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                      11. The Foundation trilogy, by Isaac Asimov

                      Musk interest in space exploration roots from his early days reading science fiction. This is what he says the book taught him “The lessons of history would suggest that civilizations move in cycles. You can track that back quite far — the Babylonians, the Sumerians, followed by the Egyptians, the Romans, China. We’re obviously in a very upward cycle right now and hopefully that remains the case. But it may not. There could be some series of events that cause that technology level to decline. Given that this is the first time in 4.5 billion years where it’s been possible for humanity to extend life beyond Earth, it seems like we’d be wise to act while the window was open and not count on the fact it will be open a long time.”

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                        12. The Moon Is a Harsh Mistress, by Robert Heinlein

                        This award-winning science-fiction novel, originally published in 1966, paints the picture of a dystopia not too far in the future. It’s exactly the kind of vivid fantasy world that would satisfy an active imagination like Musk’s.

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                          Featured photo credit: Elon Musk via esteve.co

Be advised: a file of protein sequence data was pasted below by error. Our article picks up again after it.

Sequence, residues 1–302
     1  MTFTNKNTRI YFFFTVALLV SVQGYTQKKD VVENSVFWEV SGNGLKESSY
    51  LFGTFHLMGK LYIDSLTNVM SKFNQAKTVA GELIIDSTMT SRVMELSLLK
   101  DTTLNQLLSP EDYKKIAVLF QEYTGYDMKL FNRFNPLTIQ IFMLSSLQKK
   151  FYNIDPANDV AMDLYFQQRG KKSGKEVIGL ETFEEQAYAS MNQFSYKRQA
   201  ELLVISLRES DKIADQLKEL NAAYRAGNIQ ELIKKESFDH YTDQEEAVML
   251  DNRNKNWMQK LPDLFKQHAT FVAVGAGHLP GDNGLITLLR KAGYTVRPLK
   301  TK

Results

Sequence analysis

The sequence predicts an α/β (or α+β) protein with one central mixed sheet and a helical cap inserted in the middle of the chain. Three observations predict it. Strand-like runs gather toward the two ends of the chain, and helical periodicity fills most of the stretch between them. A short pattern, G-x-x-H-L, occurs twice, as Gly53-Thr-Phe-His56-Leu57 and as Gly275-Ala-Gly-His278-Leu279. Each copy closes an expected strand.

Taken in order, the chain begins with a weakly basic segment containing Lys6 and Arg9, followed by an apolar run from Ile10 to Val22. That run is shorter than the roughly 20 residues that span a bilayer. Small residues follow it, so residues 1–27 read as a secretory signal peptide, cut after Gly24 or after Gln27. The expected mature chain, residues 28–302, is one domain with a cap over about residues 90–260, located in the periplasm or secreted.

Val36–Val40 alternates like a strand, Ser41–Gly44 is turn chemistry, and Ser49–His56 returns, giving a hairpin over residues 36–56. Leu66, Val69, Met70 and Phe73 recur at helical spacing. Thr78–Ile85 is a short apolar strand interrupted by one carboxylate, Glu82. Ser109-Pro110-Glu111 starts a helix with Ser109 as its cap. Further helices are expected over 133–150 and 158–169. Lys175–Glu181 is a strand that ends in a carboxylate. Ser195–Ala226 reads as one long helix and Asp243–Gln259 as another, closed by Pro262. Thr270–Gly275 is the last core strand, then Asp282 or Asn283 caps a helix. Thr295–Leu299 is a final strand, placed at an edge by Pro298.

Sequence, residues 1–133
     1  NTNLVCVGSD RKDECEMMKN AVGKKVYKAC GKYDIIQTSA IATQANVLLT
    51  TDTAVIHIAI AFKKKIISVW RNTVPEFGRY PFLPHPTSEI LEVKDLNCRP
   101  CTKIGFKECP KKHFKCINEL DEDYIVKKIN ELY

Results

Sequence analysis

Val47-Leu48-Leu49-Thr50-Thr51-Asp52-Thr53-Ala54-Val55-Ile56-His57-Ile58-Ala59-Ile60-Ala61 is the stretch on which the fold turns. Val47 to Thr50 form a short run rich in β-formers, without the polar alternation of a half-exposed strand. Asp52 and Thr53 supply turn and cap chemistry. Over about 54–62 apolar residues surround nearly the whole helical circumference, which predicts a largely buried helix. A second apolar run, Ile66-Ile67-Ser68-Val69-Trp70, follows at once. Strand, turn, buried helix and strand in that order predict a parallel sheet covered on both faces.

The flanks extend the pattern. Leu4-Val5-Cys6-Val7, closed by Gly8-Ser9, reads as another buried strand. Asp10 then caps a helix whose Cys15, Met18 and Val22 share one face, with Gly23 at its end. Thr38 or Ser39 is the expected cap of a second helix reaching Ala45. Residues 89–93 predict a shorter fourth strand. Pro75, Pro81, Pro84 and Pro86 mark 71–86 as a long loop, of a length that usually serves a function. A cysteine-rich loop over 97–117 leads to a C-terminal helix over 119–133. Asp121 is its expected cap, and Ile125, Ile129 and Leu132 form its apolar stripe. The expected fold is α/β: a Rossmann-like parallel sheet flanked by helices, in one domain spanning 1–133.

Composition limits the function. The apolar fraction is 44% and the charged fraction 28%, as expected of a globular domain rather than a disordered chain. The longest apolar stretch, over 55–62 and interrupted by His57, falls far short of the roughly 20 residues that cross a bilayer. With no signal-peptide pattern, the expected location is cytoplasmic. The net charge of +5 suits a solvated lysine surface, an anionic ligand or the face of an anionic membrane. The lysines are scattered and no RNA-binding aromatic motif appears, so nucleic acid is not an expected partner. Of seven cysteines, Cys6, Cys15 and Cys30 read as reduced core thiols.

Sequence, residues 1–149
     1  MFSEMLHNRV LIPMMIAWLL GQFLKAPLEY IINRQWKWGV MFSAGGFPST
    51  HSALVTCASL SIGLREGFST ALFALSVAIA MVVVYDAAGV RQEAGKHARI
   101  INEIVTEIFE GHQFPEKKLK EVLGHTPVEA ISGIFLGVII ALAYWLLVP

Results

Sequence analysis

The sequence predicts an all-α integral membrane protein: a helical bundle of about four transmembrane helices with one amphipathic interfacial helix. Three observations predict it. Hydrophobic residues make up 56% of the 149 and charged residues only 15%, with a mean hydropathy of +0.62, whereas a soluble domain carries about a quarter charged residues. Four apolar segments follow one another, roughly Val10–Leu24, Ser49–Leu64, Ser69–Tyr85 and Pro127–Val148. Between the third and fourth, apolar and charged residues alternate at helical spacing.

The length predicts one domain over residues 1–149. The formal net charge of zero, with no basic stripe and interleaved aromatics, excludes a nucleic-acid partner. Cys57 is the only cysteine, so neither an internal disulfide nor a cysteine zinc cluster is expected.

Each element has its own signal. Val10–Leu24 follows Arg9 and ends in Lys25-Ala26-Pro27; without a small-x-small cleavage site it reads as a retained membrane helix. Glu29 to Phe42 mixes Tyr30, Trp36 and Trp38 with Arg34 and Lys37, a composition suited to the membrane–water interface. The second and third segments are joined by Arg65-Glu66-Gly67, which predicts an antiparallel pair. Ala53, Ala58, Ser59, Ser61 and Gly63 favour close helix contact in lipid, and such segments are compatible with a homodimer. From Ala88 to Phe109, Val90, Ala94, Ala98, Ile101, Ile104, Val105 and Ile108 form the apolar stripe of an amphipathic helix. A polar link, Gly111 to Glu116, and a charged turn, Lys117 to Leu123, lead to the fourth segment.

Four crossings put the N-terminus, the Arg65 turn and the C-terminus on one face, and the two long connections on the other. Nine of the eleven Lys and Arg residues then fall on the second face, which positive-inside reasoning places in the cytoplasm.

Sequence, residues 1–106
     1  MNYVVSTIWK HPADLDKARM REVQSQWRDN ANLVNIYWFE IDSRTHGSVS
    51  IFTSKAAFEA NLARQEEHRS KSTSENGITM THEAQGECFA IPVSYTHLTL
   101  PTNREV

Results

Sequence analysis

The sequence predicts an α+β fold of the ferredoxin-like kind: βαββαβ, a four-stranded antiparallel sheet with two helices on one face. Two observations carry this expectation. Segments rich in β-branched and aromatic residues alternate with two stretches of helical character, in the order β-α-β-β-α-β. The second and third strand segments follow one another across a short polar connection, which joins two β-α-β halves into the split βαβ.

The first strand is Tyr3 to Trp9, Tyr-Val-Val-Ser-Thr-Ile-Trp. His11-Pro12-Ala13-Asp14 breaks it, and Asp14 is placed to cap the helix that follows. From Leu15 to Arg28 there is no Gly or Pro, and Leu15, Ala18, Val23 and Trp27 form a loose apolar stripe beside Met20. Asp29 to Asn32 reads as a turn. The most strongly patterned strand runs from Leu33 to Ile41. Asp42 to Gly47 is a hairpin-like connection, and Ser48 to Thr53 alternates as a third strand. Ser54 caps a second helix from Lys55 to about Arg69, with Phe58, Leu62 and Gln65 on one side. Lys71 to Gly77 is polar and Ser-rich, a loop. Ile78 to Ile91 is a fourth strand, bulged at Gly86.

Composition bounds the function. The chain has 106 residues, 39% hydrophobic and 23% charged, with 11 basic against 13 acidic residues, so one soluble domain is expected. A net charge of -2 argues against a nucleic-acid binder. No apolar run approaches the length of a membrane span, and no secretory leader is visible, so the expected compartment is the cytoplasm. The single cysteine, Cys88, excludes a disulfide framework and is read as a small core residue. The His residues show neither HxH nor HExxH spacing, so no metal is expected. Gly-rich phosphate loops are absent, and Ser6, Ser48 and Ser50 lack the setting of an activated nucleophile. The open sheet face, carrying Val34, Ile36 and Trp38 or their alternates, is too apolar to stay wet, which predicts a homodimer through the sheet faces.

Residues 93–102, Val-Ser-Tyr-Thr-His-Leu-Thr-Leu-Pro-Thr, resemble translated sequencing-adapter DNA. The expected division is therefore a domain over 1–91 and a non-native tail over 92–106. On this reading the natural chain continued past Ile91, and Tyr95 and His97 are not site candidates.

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                          Last Updated on September 18, 2019

                          15 Best Organizing Tips For Office Organization and Getting More Done

                          15 Best Organizing Tips For Office Organization and Getting More Done

                          You may think that you don’t have time for office organization, but if you really knew how much time that disorganization cost you, you’d reconsider.

                          Rearranging and moving piles occasionally doesn’t count. Neither does clearing off your desk, if you swipe the mess into a bin, or a desk drawer.

                          A relatively neat and orderly office space clears the way for higher productivity and less wasted time.

                          Organizing your office doesn’t have to take days, it can be done a little at a time. In fact, maintaining an organized office is much more effective if you treat it like an on-going project, instead of a massive assault.